State hasn’t seen competitive Senate race since Dowdy-Lott
For Wicker, he is running with the weight of a president from his party with some of the worst approval ratings in history. Despite that fact, Mississippi has in the past given President George W. Bush the highest percentage win of any state in the union.
But more difficult for Wicker to distance himself from is a struggling economy plagued by soaring fuel and food costs and a serious credit crunch. With every increase in the price of gasoline, Wicker’s campaign becomes more difficult.
For Musgrove, he must traverse the minefield of ongoing investigations into the failed Mississippi Beef Processors plant and any additional litigation in the Maddox Foundation debacle in Tennessee.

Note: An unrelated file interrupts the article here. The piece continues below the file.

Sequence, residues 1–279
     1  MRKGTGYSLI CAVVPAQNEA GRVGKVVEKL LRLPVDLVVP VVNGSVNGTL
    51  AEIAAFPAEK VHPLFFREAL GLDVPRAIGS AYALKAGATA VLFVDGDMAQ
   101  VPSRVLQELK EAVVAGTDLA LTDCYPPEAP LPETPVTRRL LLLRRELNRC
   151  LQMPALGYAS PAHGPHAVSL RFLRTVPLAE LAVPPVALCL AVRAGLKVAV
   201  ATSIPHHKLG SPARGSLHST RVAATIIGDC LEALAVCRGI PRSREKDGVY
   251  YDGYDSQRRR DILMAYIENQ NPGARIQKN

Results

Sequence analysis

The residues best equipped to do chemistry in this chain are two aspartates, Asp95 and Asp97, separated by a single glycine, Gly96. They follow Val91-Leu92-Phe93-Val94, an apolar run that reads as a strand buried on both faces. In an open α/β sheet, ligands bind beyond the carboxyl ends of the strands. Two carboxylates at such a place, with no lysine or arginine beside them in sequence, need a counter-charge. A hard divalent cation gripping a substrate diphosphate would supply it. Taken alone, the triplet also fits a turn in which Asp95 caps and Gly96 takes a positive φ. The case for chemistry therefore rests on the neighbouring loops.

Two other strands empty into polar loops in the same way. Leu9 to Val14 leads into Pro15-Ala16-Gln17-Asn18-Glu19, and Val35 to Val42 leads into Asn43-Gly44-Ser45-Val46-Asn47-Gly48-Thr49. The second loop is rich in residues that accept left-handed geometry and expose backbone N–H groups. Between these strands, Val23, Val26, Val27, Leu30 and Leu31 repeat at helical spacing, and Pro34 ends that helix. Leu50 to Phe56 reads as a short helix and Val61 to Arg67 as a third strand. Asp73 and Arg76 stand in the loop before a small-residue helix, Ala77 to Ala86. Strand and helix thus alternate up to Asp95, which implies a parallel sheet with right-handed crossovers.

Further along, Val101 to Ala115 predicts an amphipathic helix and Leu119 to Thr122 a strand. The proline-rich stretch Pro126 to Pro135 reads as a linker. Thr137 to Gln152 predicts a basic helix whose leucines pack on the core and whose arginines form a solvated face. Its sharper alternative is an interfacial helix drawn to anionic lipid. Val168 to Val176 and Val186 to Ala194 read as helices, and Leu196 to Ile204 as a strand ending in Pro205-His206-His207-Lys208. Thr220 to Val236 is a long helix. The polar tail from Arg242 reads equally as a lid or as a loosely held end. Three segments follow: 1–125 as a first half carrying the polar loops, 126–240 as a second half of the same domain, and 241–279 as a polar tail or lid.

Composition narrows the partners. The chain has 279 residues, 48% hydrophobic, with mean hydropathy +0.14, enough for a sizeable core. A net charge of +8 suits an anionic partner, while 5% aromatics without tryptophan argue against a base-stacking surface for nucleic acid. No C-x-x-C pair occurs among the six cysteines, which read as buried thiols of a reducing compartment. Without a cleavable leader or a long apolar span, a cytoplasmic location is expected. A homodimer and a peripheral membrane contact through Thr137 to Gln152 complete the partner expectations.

The national Democratic ticket could be either blessing or curse for Musgrove. For every motivated new or young voter and every African-American voter that Democratic presidential nominee Sen. Barack Obama attracts, the hard reality is that Mississippi has never elected an African-American candidate to statewide office.
Both candidates – who are former roommates – face obstacles and challenges. Partisans on both sides say this race will go down to the wire and that it’s very close.
Yet more than at any time since the World War II era, state Democrats and Republicans alike approach this election believing they can and will win.